The Night Porter
Life is pain. Oh, that's so original.
I understand that Italian director Liliana Cavani's 1974 film is about more than the renewed relationship between a woman, Lucia (Charlotte Rampling) and her former SS officer captor, Max (Dirk Bogarde). Twelve or so years after she was his prisoner, Lucia meets Max in a hotel, and their relationship continues, much to the demise of them both.
The fact that Lucia renews her relationship with this man is the central point of the film -- that victimization itself is a drug, I suppose. Combine it with sex and it can be overpowering in certain situations. But still. There's a distinct element of flagellation here that's entirely unsympathetic. In other words, who the hell cares? If Lucia wants to go back to Max, that's entirely her choice, but if it's not against the law to be an idiot, why do I have to watch a whole film about it?
I suspect Liliana Cavani spent one too many days posing at her local café, sucked down one too many espressos and read her favorite Sartre book one too many times. Okay, you are what you do, but that doesn't mean Lucia can't impale that Nazi bastard Max with the leg of an end table and become one kick-ass babe. Then she could at least find another man to treat her badly who wasn't being threatened by the rest of the living SS.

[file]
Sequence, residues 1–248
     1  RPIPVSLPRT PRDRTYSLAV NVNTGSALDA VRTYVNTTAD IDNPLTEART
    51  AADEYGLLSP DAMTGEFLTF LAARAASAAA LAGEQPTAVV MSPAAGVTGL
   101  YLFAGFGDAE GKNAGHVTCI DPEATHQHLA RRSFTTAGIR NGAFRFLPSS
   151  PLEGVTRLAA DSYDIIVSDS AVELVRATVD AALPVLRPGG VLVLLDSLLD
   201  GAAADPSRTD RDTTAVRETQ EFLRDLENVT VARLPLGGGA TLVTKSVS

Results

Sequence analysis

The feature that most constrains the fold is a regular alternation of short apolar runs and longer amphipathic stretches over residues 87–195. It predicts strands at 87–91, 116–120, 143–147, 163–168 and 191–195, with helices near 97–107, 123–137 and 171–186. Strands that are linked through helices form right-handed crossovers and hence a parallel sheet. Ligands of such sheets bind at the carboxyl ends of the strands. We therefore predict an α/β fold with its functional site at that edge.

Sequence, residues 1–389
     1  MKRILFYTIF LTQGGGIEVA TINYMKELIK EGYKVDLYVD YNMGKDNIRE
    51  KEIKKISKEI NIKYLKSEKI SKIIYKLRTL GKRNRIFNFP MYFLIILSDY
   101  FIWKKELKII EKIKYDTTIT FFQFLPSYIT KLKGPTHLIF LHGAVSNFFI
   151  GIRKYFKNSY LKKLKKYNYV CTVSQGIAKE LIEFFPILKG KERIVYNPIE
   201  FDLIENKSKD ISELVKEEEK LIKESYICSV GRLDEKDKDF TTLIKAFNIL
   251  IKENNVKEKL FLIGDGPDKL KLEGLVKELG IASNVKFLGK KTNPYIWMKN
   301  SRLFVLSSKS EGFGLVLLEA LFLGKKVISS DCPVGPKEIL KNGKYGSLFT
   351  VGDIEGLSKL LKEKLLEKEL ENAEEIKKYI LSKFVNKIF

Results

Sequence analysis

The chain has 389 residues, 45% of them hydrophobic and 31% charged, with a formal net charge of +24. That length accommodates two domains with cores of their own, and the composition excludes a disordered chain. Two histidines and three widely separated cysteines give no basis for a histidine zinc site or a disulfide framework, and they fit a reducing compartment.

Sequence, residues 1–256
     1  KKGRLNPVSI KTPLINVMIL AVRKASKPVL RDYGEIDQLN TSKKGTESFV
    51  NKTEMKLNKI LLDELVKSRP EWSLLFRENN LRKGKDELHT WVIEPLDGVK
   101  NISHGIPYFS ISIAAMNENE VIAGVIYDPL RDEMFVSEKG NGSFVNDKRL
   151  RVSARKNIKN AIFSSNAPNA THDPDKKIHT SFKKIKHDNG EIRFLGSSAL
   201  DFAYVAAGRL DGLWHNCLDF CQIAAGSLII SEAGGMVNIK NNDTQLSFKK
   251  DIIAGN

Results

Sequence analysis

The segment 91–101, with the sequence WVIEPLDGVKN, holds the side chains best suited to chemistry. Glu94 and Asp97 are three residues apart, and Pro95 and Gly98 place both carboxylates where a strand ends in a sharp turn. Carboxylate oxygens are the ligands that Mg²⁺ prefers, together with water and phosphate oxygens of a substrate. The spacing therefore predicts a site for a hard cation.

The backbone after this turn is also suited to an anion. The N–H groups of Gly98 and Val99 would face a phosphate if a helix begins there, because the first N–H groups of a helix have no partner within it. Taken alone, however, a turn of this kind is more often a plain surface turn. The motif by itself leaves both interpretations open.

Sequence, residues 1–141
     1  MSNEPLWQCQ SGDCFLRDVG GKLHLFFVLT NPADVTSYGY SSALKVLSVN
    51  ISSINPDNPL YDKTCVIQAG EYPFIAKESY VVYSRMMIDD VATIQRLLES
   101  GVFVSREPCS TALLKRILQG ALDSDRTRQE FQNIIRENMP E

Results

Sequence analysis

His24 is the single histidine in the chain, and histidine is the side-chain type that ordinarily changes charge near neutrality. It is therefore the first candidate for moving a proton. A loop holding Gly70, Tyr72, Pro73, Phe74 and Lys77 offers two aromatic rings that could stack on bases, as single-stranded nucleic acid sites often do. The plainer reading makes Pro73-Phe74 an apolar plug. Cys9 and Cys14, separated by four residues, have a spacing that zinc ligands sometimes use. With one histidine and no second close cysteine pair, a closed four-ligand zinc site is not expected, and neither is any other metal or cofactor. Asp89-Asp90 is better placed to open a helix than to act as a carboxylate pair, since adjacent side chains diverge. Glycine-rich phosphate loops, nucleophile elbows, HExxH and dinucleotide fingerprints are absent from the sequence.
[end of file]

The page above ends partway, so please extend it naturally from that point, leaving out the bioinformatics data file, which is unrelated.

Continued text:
This film is so typically European it's pathetic. Life is pain. Oh, that's so original. Lucia and Max are prisoners of their past, fated to repeat mistakes until the very end. Okay, I suppose when your country's historical past includes an Army with all the capabilities of a Girl Scout troop and a civilization that peaked 2,000 years ago, fate does seem remarkably powerful.
To spread the word about this The Night Porter review on Twitter.To get instant updates of Mr. Cranky reviews, subscribe to our RSS feed.